To say I feel sucker punched by Trump’s win is an understatement. “Sucker punched” falls so far short of how I actually feel today that it’s absurd.
Let me try to describe how I feel.
Remember at around noon on September 11, 2001, after all the planes had crashed, both towers had fallen, and the Pentagon was in flames. Remember how you felt a sense of dread, of horror, of unfathomable grief that seemed like it might never fade. That’s how I feel today.
The Syrian refugees who are currently undergoing a two year vetting process had nothing to do with the attacks in Paris. They are the Albert Einsteins trying to get out of Nazi Germany, and we are stopping them. This is how we lose the war. We burn a whole city to get revenge on two already-dead homicidal maniacs. There are a limited number of brainwashed suicide bombers. Remember Japan. It’s an act of desperation. It’s the hallmark of a General out of options. Continue reading →
Despite political and social gains elsewhere, women cannot hold many high religious offices because of their gender. By limiting leadership positions to men, churches erode women’s role in defining worship.
The priesthood, a cornerstone of the Church of Jesus Christ of Latter-day Saints, grants the holder the power and authority to act in the name of God. Only those who hold the priesthood can administer priesthood blessings, bless the sacrament (the passing of bread and water) or perform baptisms. Most importantly, a majority of leadership positions within the LDS church can only be held by those possessing the priesthood. Only worthy male members, 12 and older, can be priesthood holders.
The LDS church isn’t the only church to limit women. Several major religions in the United States don’t allow women to hold meaningful leadership positions. The authorities in power – men – dictate what, how and if women can contribute to religious dogma. This prevents women from performing important spiritual rituals or practices. Continue reading →
When one looks at the US Constitution, it’s abundantly clear that it’s a product of a bygone era. The outlawing of slavery and universal suffrage are perhaps the most obvious examples, but there are other, less obvious examples. Would the authors have written the Second Amendment as they did if they knew the public might have had access to machine guns or military-grade explosives? Are bloggers worthy of “free press” protections accorded to journalists? And how would they have looked at the rise of corporate personhood and power? We can look to what the Constitution’s authors wrote and said in their own time for guidance, but ultimately we are reduced to guesswork. Furthermore, if we always rely on the brilliance of the past, we ignore our own brilliance in the present.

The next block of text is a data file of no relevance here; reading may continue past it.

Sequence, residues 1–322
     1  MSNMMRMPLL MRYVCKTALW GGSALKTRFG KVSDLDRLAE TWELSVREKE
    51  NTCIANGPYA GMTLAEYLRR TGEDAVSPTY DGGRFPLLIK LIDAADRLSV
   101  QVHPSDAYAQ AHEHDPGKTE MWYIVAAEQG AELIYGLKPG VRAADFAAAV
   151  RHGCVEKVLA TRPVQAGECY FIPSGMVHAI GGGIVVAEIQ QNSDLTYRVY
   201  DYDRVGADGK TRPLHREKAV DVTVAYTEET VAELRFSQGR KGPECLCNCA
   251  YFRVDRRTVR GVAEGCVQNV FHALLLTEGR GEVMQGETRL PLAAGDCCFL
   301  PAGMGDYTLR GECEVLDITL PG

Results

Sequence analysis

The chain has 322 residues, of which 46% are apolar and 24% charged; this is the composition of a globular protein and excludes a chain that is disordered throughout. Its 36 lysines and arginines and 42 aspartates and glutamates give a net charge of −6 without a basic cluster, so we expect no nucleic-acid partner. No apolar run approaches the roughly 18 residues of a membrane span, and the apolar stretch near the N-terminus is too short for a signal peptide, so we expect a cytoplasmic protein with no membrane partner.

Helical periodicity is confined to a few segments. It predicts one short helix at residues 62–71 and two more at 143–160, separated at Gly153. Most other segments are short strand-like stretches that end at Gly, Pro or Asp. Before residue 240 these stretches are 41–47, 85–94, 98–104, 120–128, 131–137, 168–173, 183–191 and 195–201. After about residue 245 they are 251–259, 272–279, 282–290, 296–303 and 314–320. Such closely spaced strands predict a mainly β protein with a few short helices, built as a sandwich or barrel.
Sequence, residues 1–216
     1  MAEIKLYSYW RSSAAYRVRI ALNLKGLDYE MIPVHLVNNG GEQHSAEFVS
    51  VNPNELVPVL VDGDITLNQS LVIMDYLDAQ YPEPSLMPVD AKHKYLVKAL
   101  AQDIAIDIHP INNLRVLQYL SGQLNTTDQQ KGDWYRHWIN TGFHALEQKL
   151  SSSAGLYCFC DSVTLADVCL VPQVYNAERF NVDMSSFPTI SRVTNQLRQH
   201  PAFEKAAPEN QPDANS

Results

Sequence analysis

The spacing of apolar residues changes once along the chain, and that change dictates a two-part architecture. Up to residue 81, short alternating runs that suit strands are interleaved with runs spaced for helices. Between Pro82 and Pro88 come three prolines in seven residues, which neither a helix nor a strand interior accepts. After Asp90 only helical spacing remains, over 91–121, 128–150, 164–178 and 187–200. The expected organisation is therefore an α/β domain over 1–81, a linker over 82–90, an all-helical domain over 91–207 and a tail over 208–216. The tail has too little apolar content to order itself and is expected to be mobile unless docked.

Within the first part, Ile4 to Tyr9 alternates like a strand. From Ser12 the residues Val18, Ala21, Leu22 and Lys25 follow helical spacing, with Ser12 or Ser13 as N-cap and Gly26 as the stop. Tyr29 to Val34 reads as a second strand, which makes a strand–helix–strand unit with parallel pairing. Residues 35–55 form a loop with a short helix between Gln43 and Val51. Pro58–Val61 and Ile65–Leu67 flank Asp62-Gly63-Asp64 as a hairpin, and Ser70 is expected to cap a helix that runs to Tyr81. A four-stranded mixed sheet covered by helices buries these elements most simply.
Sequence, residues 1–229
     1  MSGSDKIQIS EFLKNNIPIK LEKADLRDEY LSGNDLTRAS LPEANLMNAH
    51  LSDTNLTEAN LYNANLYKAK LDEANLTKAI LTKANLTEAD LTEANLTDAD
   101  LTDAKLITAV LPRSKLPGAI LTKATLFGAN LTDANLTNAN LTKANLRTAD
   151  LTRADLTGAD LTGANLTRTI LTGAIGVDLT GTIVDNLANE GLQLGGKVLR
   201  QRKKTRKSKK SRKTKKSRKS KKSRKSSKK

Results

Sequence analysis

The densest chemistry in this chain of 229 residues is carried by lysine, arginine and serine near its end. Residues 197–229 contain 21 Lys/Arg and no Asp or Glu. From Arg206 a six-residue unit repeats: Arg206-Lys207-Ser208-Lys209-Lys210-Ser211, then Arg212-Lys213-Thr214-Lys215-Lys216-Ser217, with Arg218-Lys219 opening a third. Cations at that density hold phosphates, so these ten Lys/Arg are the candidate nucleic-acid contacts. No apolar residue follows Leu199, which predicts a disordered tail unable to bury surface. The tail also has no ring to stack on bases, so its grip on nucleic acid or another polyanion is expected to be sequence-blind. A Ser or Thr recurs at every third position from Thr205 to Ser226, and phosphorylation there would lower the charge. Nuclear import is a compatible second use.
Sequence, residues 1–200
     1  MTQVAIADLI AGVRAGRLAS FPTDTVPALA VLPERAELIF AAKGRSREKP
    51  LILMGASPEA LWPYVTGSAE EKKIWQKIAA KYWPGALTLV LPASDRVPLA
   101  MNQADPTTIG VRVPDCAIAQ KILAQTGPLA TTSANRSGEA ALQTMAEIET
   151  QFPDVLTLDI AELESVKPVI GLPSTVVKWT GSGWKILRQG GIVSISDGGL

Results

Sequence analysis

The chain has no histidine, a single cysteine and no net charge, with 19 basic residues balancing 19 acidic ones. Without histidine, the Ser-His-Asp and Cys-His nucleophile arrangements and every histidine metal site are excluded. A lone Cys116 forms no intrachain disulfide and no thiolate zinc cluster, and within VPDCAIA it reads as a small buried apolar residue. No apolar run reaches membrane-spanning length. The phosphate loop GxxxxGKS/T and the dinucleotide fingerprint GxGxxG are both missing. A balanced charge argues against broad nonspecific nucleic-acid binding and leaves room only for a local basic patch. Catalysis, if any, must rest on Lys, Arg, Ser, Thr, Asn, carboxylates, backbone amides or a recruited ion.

An argument can be made that it would be a good idea to reassess the totality of the US Constitution in a new Constitutional Congress in order to make our government responsive to modern realities. Given the political stagnation in the US today, the form and content of any new Constitution is probably impossible to predict and could easily be much better, or much worse, than what we have today. But even if you think an open Constitutional Congress is a terrible idea, the process of examining the modern shortcomings of our governing Constitution would still be a valuable endeavor.
Pulitzer- and Emmy-winner William Henry‘s famous polemic, In Defense of Elitism (1994), argues that societies can be ranked along a spectrum with “egalitarianism” on one end and “elitism” on the other. He concludes that America, to its detriment, has slid too far in the direction of egalitarianism, and in the process that it has abandoned the elitist impulse that made it great (and that is necessary for any great culture). While Henry’s analysis is flawed in spots (and, thanks to the excesses of the Bush years, there are some other places that could use updating), he brilliantly succeeds in his ultimate goal: crank-starting a much-needed debate about the proper place of elitism in a “democratic” society.
Along the way he spends a good deal of time defining what he means by “egalitarianism” and “elitism.” Continue reading →
Yesterday the Justice Department filed comments with the Federal Communications Commission opposing the principle of “net neutrality” and urging the FCC not to sanction regulations to protect it. In a report and press statement that sound like they were written by executives from AT&T and Verizon, the DOJ regurgitates telecom talking points that falsely claim net neutrality will hamper innovation and that the market is somehow working awesomely: Continue reading →
An interesting piece came across my desk the other day that paints a chilling picture of how strong the religious right’s death grip is on American culture and politics…and how that death grip is actually maintained by business interests who want to ensure that the American machine keeps rolling along. Continue reading →
Today is the 46th anniversary of the publication of Harper Lee’s iconic novel about Southern race relations, To Kill a Mockingbird.
This particular anniversary seems a bittersweet one, since the Jena 6 case suggests the central issue that Lee’s novel explores – the inability of Southern whites to see blacks as fellow Americans with equal rights – hasn’t changed:
Why reasonable people go stark raving mad when anything involving a Negro comes up, is something I don’t pretend to understand. – Atticus Finch, To Kill a MockingbirdContinue reading →
I understand the embarrassment that it caused the party. I will work diligently to make sure that these things don’t happen again.
â€” John Irish, chair of the Lucas County (Ohio) Democratic Party, in an apology for hiring strippers to work a party fundraiser at a public golf course, an event at which at least one of the strippers “raised her top and lowered her shorts for a group of golfers.”